In short, the National Geographic case is fertile learning ground for managers. Its lessons address transforming the culture, behaviors, and values of a legacy organization, changing a business model from paper to digital, capitalizing on huge brand awareness and international presence, and promoting cross-functional and cross-divisional collaboration. Increasing knowledge Founded in 1888 as an educational and scientific society with a mission "to increase and diffuse geographic knowledge," the National Geographic Society (NGS) soon launched a scholarly journal, National Geographic Magazine. Using revenues secured from members, the Society supported many groundbreaking scientific adventures—Dian Fossey's 18-year study of mountain gorillas in Rwanda, for one—filling in the empty spots on the world's map as it went along. But when Fahey arrived to head the National Geographic Ventures unit in 1996, the institution was in decline. Decision-making was slow and fusty. A digital strategy was just emerging. Various units operated as independent fiefdoms. In 1998, Fahey was named CEO, and the task was clear: build an organization to thrive for the next 100 years. To do so, he "assembled a management team of diverse backgrounds to transform the Society's culture and organization, fostering more risk-taking, a greater focus on commercial activities, and more cross-departmental collaboration .
Slow to change in 2009, Fahey was heading what appeared to be a steady but slow-motion revolution. His effort to rebuild the organization for the digital era was now more than a decade old, with some notable successes—a new mission in 2004, a reorganization in 2007—but with unresolved problems. Fahey says his leisurely pace of change was deliberate, that creative people take longer to accept change. However, "He's been at it 12 years, and people's first loyalty is still to their silos," Is Fahey moving too slowly? Does he have the right people in the right positions? Is the new mission—"to inspire people to care about the planet"—the right one? How does the situation facing Fahey at National Geographic compare with the challenges at Time Life? Is he taking the right steps to destroy silos and integrate the organization?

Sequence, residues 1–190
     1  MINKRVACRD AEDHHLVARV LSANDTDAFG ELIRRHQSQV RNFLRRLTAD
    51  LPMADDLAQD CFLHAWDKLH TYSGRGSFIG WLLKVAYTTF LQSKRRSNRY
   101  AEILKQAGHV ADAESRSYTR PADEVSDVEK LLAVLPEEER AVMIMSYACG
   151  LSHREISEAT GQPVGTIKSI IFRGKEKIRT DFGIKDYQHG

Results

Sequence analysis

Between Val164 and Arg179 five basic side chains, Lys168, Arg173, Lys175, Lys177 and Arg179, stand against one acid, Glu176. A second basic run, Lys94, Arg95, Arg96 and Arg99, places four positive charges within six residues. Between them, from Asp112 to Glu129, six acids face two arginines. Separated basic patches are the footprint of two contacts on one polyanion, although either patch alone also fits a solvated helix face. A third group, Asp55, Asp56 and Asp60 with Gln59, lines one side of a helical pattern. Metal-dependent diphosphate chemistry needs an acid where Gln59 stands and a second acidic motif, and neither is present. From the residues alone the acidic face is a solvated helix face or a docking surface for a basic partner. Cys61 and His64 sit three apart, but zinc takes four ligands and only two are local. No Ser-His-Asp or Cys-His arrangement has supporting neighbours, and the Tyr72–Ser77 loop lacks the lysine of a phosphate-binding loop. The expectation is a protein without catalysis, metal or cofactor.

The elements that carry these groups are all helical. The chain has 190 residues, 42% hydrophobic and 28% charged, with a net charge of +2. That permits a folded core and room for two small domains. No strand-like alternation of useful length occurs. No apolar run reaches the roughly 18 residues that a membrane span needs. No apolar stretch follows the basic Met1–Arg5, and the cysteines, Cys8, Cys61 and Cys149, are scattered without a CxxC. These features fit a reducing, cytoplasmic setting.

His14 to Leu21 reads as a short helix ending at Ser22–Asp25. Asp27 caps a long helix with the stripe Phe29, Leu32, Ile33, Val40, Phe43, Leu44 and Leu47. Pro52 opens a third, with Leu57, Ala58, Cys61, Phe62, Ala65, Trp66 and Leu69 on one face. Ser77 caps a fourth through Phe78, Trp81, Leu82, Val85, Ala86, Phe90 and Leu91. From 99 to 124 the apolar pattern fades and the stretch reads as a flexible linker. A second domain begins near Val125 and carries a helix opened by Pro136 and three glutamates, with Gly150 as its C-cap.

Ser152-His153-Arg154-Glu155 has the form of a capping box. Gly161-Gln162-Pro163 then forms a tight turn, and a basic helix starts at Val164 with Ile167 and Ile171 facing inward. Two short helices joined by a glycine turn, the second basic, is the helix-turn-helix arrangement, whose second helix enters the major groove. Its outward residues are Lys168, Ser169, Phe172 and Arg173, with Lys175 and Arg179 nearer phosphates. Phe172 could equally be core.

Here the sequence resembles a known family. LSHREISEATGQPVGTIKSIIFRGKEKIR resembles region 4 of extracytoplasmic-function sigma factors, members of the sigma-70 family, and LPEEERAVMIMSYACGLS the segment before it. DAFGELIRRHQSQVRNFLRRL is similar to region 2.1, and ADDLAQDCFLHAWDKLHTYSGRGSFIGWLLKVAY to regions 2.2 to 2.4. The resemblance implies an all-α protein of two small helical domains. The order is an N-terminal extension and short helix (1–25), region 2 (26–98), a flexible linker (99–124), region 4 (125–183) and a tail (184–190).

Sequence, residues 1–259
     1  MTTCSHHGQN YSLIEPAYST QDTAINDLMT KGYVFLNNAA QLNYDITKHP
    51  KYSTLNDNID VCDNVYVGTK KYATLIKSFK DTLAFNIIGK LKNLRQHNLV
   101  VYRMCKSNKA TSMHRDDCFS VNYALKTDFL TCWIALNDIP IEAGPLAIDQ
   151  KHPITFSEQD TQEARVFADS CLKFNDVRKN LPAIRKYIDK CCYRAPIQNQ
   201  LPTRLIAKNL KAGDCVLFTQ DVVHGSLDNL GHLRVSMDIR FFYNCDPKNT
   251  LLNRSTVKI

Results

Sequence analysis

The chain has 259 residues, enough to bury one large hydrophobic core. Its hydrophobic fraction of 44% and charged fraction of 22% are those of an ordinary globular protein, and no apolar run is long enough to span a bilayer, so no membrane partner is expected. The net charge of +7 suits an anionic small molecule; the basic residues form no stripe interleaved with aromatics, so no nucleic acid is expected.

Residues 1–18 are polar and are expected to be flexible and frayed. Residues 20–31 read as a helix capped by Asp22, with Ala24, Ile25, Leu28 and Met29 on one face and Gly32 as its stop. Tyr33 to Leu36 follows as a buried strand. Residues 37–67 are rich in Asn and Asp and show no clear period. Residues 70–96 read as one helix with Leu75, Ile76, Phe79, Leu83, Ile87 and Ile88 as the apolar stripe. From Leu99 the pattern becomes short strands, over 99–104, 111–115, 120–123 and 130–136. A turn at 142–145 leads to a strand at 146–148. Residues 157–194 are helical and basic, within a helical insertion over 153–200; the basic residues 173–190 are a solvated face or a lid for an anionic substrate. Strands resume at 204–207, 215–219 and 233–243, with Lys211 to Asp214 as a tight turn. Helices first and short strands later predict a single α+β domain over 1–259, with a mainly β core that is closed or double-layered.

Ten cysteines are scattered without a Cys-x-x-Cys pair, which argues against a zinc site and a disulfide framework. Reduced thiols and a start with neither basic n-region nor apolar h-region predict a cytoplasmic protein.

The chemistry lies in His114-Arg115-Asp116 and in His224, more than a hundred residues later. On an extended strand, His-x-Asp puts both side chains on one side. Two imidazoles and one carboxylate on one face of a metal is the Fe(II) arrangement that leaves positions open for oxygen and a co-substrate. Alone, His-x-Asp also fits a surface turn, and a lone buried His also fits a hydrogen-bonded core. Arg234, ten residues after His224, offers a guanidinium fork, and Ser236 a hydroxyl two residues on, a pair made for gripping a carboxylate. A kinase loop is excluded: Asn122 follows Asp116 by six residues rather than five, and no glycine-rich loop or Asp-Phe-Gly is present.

But the case actually hangs around another question. Fahey created a position of senior vice president, e-commerce. It's a pivotal and, for NGS, radical step. The position will be responsible for coordinating web-based offerings and outreach across the Society's numerous departments, integrating several direct-mail efforts into a cohesive e-commerce strategy, and leveraging the NGS relationship with subscribers. Fahey debated with his team: to whom should this person report? To Fahey himself, signaling the importance of the role? To the Global Media Group, which is responsible for the magazine, book publishing, TV and film, and digital ventures? Or to the Enterprise Group, which operates the Society's merchandising businesses, brand extensions, and licensed products and services? "This issue appears to be pretty straightforward—it's just a reporting issue, "says Garvin. "In fact it embeds the larger issue of who is going to control the integrated aspects of e-commerce, and what authorities and what decision rights that person will have relative to the existing divisions. The position should report to the CEO. "The easy out is to say John Fahey should be the direct report," But Fahey already has 14 direct reports. And do you always want a centralized position to report to the CEO?" Maybe reporting to Global Media makes sense, if the position is considered functional rather than strategic. My Recommendation: The position should reports to the Enterprise Group, If the person reported to Global Media, pressure on the new e-commerce senior VP would be immense from the various units—magazines, catalogues, and expeditions—to push their products. Instead, Fahey wants someone to think holistically about NGS's offerings and how best to approach customers and sell them what they want to buy. Fahey is a highly skilled general manager. He thinks like a generalist. He focuses on integration and how to make it a reality."The first relatively straightforward lesson is how difficult it is to move beyond your historical culture and legacy," History has power. Faulkner writes in Requiem for a Nun, 'The past is never dead. It's not even past.' Old ways of thinking and acting are deeply embedded and slow to change. So it needs to be understood that the powerful influence of the history of own organizations."Other lessons include the importance of getting the organizational culture right, and the need to pull multiple levers when pursuing integration. "There is an organizational structure lever Fahey pulls when he reorganizes. There is a culture and values lever—he changes what behaviors are valued in the system as they move from silos to collaboration. There is a people lever; you often have to change personnel. And there is an incentive lever where you change the compensation structure. All of those need to be done in a mutually reinforcing fashion." Finally, combining the Time Life and National Geographic cases offers a unique view of how a manager evolves over time. Practitioners need to recognize that 20 years out, in a different organization, perhaps their natural tendency when faced with problem X again is to do Y, but maybe problem X is a little different in this organization and this context than the other one. So maybe this time you don't do Y, you do Z." Just to give an off the case study information, Fahey is on the right track with his work at National Geographic. One big factor favoring the Society is that it has bought itself time thanks to a multiyear cable deal with Fox that is expected to net NGS $100 million in 2012."These kind of changes take time, and they have time. Second, these kind of changes require lots of experiments, not all of which will succeed. They are running lots of experiments. Third, it requires a change in culture and values, and that change is well under way—I would say that those changes, including the necessary changes in people, have accelerated quite rapidly over the last year. Fourth, this is a world-class brand. And finally, as Fahey said himself, he's not sure they are the ones who are going to figure out what the right digital combination is, but surely because of their progress to date they will be in a position to take advantage and exploit that opportunity when someone does figure it out. Certain ingredients which NGS must focus are the ability to offer membership benefits—access to a research team in the field, for example—lifts the value proposition of the Society much higher than what competitors can offer. Another issue which needs to be explored is decision-making in an era of blinding technological speed, something Fahey didn't have to think as much about at Time Life. "The iPad basically didn't exist two years ago, and now it's a core platform. Digital delivery of content to the cell phone didn't exist a few years ago, and now it's everywhere. You go six months, and it's two generations. That's something which NGS must exploit in the future.